“Cytochrome P450 2A6 purification and mechanism-based inhibition by trans-cinnamic aldehyde” doesn’t mean much to most people. But to Tyler Oshiro ’13, it means a lot.
Oshiro, who majored in chemistry with his eye on a career in the health professions, participated in Pacific University’s undergraduate research program, a summer program that puts students to work alongside faculty in their research projects.
“(Dr. Jeannine Chan), who started as my biochem professor, allowed me the opportunity to do research over the summer,” Oshiro said. “She went out of her way to make sure that I was able to gain that experience.”
Undergraduate research at Pacific is possible, in part, because of the M.J. Murdock Charitable Trust, which has given nearly $3 million to Pacific University in the last several years, most in support of undergraduate science and research programs.
The trust, created by the late Jack Murdock, co-founder of Tektronix Inc., provides funding for a variety of community projects in a five-state Pacific Northwest region. In higher education, much of the focus is on the natural sciences and research.
Among other things, the trust gave Pacific funding to ramp up its undergraduate research opportunities in order to join the Murdock College Science Research program — which came with its own grants.
“One of the primary goals is to provide students with opportunities they wouldn’t otherwise have at private universities,” said Brian Hess, senior director of development, corporate and foundation relations at Pacific.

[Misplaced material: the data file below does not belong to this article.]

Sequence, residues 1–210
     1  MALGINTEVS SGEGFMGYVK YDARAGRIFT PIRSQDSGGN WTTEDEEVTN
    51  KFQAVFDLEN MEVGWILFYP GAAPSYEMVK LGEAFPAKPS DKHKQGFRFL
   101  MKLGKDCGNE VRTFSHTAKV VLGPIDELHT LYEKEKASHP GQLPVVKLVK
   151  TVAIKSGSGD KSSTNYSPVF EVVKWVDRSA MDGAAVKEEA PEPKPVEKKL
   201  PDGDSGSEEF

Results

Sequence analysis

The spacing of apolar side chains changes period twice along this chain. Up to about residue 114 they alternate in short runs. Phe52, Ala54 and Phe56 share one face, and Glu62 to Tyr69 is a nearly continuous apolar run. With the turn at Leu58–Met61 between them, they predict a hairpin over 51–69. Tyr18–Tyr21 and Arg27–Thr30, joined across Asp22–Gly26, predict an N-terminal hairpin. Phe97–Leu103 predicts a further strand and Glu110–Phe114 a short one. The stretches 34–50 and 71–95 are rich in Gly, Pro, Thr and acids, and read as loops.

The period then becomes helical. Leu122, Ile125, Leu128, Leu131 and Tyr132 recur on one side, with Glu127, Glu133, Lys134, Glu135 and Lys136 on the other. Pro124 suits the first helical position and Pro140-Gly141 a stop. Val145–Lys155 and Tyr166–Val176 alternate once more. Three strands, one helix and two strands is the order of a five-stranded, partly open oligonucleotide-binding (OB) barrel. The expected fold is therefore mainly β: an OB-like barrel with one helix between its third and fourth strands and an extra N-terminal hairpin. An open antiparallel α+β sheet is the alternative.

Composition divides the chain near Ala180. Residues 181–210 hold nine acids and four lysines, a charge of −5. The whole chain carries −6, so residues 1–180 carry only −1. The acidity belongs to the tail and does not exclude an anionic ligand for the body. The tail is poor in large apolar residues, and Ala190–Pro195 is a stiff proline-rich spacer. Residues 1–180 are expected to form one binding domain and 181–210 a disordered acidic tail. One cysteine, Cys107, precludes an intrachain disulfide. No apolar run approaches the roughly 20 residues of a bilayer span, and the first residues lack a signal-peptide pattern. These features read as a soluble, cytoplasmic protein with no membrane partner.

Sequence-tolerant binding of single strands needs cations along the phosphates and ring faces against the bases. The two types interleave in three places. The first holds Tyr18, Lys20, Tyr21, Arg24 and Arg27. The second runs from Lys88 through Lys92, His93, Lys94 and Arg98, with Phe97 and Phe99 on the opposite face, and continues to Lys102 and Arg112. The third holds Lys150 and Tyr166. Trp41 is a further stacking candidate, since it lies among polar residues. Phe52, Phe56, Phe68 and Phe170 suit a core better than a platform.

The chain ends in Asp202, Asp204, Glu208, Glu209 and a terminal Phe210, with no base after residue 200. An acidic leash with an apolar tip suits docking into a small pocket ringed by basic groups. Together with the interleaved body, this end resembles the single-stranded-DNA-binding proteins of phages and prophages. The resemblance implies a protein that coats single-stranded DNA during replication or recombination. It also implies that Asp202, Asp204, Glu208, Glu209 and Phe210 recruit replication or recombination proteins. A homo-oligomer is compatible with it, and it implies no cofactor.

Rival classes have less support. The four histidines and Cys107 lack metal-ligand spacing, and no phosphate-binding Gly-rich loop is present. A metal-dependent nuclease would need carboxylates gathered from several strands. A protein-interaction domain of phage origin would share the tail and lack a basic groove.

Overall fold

Oshiro came to Pacific on a Pacesetters Scholarship. He wrote a regular column in The Pacific Index, served as student representative on the Board of Trustees, acted with the Theatre Department, and played intramural sports (“mostly for the T-shirts,” he joked).
Research was an added academic bonus: Last November, he attended the Murdock Undergraduate Research Conference, “to present in front of hundreds of students and professors from other schools, all brought together by a common love of knowledge and the pursuit of scientific answers,” he said. Oshiro received the John Van Zytveld Award for Best Paper, an award that came with $500 for him and $2,000 for Pacific’s chemistry department.
Today, the Hawai‘i native is still hoping to pursue medical school. In the meantime, he’s working at Intel, in a job another science professor, Dr. Juliet Brosing, helped him find.
“We’re lucky at Pacific,” he said. “Lucky that our teachers do more than see us in the classroom but really care about where we are in life and, more importantly, where we’re going.”